Cyclone Mekunu hit the southern Arabian Peninsula in late May 2018 and brought rainfall amounts that accounted for up to 6 times the mean annual precipitation. Coming from the Arabian Sea, a quite underdocumented region with regard to cyclones, the storm eye crossed the Omani coast approximately 80 km east of the border to Yemen. Using automatic samplers, rainfall samples were collected during the event at three locations along a transect almost parallel to the storm track. The stable isotope analyses show a wide range of δ values, with minimum and maximum values of −17.01‰ δ18O and −1.77‰ δ18O and −122.2‰ δ2H and −1.6‰ δ2H. On average, rainfall becomes isotopically lighter with elevation, but rather irregularly. In view of high wind speeds probably precluding a gradual rainout of ascending air masses, a “pseudo elevation effect” seems likely. Our measurements expand the known δ value range of local cyclones by about 6‰ for δ18O and by nearly 50‰ for δ2H. The isotopic composition of the annual Indian Summer Monsoon shows values of −0.93‰ δ18O to 2.21‰ δ18O and −2.1‰ δ2H to 23.7‰ δ2H. Thus, there is a clear difference in the dual isotope signatures of the two precipitation systems in the area. Our findings enable an assessment of the impact of cyclones on the hydro(geo)logical system. For the arid Najd area, we demonstrate that the isotopic signatures of groundwater samples fall between those of cyclone and (paleo)monsoon precipitation, suggesting that several rainfall types may have contributed to replenishment.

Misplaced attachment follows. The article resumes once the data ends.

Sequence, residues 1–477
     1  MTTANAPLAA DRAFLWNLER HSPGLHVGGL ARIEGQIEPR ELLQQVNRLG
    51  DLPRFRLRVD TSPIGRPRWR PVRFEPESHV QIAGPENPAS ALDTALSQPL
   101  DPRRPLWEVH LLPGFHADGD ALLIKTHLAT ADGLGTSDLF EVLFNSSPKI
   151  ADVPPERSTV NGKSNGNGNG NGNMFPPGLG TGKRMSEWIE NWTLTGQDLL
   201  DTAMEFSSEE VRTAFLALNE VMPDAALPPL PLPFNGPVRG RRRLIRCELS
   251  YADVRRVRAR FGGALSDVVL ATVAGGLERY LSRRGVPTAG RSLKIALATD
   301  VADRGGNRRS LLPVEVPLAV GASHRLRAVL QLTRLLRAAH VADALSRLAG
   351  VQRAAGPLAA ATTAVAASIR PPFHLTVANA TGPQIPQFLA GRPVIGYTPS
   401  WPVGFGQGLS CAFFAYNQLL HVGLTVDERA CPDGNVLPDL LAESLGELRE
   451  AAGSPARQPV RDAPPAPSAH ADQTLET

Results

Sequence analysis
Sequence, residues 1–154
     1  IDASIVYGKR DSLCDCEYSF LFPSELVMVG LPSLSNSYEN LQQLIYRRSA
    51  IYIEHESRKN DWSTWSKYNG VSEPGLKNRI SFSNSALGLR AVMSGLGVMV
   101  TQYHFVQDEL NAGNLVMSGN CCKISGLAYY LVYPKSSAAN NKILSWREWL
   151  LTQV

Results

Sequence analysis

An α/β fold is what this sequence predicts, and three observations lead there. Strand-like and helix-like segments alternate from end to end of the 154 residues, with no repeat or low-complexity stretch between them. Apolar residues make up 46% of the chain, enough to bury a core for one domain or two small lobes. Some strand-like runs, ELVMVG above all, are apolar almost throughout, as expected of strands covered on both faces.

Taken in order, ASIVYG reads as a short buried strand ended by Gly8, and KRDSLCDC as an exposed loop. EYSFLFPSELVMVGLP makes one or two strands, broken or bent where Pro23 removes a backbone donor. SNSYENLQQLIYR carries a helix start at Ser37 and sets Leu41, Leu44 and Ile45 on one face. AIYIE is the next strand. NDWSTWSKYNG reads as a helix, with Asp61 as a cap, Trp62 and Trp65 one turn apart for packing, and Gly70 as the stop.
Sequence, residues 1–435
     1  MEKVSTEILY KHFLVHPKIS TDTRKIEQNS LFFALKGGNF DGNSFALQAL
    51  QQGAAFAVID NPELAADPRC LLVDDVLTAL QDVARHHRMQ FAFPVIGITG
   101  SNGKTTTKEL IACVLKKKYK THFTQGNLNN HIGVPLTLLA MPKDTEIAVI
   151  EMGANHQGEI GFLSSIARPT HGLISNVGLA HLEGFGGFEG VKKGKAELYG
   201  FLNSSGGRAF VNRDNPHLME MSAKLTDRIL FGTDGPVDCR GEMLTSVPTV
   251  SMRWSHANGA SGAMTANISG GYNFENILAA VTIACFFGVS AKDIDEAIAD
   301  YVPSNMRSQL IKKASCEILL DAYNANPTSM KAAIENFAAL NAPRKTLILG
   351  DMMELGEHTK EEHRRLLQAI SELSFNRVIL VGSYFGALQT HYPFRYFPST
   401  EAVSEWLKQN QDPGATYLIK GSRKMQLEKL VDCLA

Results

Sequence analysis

|Journal||Water Resources Research|
|Publication status||Published - Dec 1 2020|
- Arabian Sea
- stable isotopes
- tropical cyclone